Greg Kading: Well certainly, and this is a complex question, cause there’s quite a bit in what you said and actually there’s a lot of answers to those questions. Most certainly Tupac initially thought that. And anybody would, anybody in his position, if you’re invited to go somewhere and the next thing you know, you’re getting stuck up, pistol whipped and shot, you’re immediately going to have that common sense conclusion like, “Hey, I just got set up!” It makes a lot of sense. I think in time, like you said, maybe he began to realize, “That’s just my initial reaction, but I’m starting to think there was more to it.”
So I think he was backing off from that whole, definitely that Biggie was behind it, but also began to back off of the idea that Puffy was behind it. And then he began to see those more shady characters like maybe [Haitian] Jack and James Rosemond and maybe whether those guys were actually behind it. Keep in mind, just prior to that, Tupac was hanging out with Jack and developing a movie deal with him.
Planet Ill: How often do you think the criminal element filter in to the music business? We’re going back to Frank Sinatra gangstering his way out of a recording contract. Why is it that some of these entertainers, particularly in the music business are always so susceptible to getting muscled. In LA you got the Hell’s Angels muscling in on some of the artists; you got the Bloods and the Crips on some of the artists. What makes them so susceptible to that kind of pressure?
Greg Kading: That’s a great question. If we could stay maybe just focused on the Hip-Hop and even more focused on gangsta rap, that’s a pretty easy question to answer. But when we get into a very general term like the “music industry” then it becomes a little more complex, because those issues are different. Certainly the urban music, the Hip-Hop and the gangster music, that comes from the streets and those streets, in many instances contain criminal activity. Let’s just be real about it; he was dealing dope. And there were issue where there were illegal firearms at his house and that type of thing. And that’s not to indict Biggie, that’s not to say anything negative…
Planet Ill: Nah the facts are the facts. That’s what we’re here for.
Greg Kading: With that kind f music, and whether it was the stuff coming out of Compton, or whether it was the stuff coming out of Brooklyn, that was the voice of the streets. And those voices were reflecting some of the criminal activity that was taking place so it just naturally evolved into the music. You had the guys from the street talking about what it’s like being on the streets and the rest of America eating it up.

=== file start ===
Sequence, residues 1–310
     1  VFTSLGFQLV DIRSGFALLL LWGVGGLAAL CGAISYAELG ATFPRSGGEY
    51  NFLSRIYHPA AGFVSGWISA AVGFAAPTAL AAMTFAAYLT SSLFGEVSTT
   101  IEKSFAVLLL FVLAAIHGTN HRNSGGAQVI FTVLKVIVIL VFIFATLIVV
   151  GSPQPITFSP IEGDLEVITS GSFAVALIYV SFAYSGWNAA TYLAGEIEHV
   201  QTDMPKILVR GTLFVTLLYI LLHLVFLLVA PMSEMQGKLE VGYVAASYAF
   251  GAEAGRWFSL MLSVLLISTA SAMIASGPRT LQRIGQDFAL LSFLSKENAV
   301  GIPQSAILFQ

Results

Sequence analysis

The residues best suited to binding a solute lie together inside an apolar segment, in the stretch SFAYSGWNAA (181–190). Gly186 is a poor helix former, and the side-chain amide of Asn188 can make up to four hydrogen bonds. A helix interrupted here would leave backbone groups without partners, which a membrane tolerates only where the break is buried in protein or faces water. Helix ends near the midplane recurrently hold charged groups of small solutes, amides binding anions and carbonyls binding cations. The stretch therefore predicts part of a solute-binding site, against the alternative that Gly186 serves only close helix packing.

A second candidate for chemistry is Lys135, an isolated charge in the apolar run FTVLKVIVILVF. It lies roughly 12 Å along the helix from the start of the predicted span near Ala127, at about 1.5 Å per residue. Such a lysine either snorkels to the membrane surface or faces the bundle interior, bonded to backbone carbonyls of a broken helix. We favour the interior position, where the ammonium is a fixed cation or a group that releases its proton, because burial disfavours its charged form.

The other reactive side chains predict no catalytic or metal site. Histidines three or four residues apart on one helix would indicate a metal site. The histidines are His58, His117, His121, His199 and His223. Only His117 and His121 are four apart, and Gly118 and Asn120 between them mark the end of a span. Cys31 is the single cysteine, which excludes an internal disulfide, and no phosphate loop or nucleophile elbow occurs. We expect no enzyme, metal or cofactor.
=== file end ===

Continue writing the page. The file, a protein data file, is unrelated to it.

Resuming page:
Planet Ill: How did the Jewish Defense League end up getting involved with Easy E’s situation with Suge Knight?
Greg Kading: That’s a great question that I don’t have an answer for, but the only thing I can speculate on is that it would have been though Knight’s attorney, David Kenner. Maybe there’s some association there with the Jewish Defense League. I wish I could elaborate on that but I really don’t know.
Planet Ill: Let’s go back to ’94. Jake Robles. Party in Atlanta, Jermaine Dupri the host. Ruckus goes on. Jake Robles is murdered. The streets say it was an associate of Puffy’s. Wolf [Further research puts Wolf on the scene but not as the man who shot Robles. There are conflicting reports of the incident– Ed.] Was that an exacerbating incident in terms of how this whole thing evolved?
Greg Kading: Well it certainly played its part. I would not say that it was a critical incident, but it certainly was an incident that influenced in combination with other things. J Robles was certainly one of Suge Knight’s closest friends and confidantes. He gets killed by Wolf, Anthony Jones, and you’ve got Puffy there. And really if you talk to the people that were there and know them most, really was the result of a thing over a girl. Plus you have these opposing factions, it kind of spilled over into the Death Row/Bad Boy thing and it kind of really started out in the club over a girl. Or from people from these two groups. That incident and the consequences of that incident just contributed to a problem that already existed.
Planet Ill: So there’s animosity and this thing is building and building. And now you add a Tupac faux beef with a Suge Knight beef and now they’re on the same team. ’96 comes and Tupac is ON Death Row. Still, on some level I assume he’s still friends with Biggie. Keefe D stated that Puffy put a bounty on Suge and Tupac. What would incite that? Is there a trail that leads to there? We hear that it was a million dollar bounty, but what incited that? That’s taking it to an extra level. What there a chain of events that directly led to the bounty?